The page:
Queering culture: Confounding and troubling heteronormativity through critical queer identities in literature, film, and music
In this project, I examine the ways in which queer representation troubles and confounds heteronormativity, which I define as the daily and systematic rearticulations and affirmations of heterosexism and the privileging of heterosexual practices and identifications. Undergirding this project is the claim that the images we see in popular culture influence our habits of seeing both ourselves and others. Hence, an absence in representation and inaccurate representations such as stereotypes convey messages about the acceptability of particular identities and the unacceptability of others. Through repetition, these distinctions become naturalized. Therefore, in this project, I seek to demonstrate a methodology for interpreting representations of queers and critically engaging in culture in order to interrupt such destructive naturalizations.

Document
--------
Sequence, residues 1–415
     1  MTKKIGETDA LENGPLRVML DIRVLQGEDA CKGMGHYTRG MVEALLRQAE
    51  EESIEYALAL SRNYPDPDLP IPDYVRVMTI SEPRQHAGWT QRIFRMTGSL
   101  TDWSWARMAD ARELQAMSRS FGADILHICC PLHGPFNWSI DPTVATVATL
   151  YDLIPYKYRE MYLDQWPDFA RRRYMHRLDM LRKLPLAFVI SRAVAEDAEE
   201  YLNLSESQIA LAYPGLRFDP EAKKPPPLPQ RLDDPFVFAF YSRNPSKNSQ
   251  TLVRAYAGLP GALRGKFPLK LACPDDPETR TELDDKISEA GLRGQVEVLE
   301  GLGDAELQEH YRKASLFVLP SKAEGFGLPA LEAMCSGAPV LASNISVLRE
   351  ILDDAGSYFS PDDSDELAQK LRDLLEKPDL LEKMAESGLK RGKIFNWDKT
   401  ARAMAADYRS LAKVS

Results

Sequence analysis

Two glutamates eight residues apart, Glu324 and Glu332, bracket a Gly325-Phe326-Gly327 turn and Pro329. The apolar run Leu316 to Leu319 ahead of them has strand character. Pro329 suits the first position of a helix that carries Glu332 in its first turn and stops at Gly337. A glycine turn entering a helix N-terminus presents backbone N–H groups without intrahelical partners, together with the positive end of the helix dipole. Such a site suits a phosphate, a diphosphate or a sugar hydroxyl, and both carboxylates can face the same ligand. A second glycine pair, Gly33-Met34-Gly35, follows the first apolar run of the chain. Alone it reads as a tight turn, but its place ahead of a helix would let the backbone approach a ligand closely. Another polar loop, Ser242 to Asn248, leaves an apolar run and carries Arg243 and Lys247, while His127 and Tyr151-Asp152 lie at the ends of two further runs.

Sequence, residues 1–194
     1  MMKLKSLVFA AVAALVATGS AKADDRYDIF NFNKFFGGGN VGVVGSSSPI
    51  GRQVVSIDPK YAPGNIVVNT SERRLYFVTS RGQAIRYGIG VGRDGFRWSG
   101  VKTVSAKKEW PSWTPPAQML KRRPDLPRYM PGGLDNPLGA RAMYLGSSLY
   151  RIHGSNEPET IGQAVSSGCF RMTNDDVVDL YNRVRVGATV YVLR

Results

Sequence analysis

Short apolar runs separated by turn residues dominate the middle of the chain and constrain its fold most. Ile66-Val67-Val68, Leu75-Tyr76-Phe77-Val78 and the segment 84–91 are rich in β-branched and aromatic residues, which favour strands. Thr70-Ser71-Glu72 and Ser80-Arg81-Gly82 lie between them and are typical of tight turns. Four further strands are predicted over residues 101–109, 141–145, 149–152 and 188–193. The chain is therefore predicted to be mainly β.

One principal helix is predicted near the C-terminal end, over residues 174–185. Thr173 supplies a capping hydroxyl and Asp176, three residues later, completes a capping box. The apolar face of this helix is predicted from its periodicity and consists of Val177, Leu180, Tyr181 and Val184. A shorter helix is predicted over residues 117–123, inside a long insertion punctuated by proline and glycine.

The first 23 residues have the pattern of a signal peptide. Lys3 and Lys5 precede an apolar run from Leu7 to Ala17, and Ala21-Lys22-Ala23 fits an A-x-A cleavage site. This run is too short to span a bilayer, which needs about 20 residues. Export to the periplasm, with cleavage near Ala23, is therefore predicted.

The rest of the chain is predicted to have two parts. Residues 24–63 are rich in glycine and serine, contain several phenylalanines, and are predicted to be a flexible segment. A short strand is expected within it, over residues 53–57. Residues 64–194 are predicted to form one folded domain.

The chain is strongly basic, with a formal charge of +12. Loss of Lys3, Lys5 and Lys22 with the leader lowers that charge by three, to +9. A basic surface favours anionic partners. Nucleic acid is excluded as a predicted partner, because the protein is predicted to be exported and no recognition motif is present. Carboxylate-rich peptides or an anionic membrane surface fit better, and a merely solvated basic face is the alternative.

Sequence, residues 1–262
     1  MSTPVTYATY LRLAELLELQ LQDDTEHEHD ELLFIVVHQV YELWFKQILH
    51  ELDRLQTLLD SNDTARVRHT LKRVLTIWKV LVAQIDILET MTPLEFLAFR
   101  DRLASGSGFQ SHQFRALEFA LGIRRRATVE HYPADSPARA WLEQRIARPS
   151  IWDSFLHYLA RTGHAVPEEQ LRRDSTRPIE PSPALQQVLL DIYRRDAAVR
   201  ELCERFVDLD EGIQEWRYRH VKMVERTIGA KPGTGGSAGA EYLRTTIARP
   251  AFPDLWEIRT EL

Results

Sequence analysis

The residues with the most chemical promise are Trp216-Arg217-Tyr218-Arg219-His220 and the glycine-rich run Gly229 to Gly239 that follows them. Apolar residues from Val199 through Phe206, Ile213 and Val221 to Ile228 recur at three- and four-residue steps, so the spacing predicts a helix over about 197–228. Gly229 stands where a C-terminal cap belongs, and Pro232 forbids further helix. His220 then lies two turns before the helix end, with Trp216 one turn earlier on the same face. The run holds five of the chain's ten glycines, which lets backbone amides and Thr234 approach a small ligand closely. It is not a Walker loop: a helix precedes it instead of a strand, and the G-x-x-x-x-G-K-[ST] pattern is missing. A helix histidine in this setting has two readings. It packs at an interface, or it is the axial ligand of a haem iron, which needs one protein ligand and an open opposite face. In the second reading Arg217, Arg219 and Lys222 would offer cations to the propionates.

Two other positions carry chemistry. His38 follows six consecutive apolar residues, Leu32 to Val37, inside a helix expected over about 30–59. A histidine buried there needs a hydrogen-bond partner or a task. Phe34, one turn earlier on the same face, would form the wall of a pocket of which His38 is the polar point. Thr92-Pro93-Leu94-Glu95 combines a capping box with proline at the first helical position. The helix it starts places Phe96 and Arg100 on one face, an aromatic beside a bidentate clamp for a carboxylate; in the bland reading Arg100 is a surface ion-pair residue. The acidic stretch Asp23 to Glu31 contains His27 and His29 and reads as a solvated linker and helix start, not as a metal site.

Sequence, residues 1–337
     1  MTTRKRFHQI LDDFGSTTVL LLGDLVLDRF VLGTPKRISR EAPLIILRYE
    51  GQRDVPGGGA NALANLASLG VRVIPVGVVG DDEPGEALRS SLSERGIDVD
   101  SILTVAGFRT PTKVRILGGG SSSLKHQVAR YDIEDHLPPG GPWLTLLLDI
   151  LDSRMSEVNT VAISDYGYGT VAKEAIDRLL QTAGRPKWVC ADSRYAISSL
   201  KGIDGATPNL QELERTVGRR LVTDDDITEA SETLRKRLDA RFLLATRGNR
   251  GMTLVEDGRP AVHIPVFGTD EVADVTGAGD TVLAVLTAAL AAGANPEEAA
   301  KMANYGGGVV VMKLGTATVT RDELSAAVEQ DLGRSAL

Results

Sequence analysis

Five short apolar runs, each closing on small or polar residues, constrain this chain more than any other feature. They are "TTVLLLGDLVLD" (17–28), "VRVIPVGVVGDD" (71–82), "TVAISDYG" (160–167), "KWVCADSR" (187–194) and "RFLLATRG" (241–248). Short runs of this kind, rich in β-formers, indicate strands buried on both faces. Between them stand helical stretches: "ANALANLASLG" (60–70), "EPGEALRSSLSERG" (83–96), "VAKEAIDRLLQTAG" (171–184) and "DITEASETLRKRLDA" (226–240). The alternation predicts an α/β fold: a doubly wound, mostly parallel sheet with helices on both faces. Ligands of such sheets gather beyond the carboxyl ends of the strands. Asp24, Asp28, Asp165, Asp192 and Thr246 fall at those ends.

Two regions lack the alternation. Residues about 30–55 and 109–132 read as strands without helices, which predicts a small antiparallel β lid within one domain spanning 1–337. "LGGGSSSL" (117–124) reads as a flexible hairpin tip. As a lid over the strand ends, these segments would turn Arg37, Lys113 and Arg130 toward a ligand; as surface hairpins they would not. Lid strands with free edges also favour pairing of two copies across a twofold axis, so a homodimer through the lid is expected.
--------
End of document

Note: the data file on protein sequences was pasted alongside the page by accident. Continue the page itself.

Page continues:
Through rhetorical analyses of three medias, literature, film, and music, I examine how queers represent themselves in a manner that undermines heteronormativity; however, these representation are also subject to perpetuating heteronormativity. In my analysis of Radclyffe Hall's groundbreaking work, The Well of Loneliness, I show the ways in which the text both adheres to and deconstructs the dominant ideology of the 1920s. While through the illustration of isolation, Radclyffe Hall provides one method of confounding heteronormativity, the film But I'm a Cheerleader offers another means of critiquing it: camp, an overly-exaggerated satire. Lastly, I examine the indie music duo, Tegan and Sara, who perform a critically conscious queerness both visually and verbally. Their performance of queer identity strategically destabilizes heteronormativity. Thus, through these analyses, I demonstrate how critical queer performance can undermine heteronormative representations of queers and how these troublings can lead to more equitable habits of seeing and being.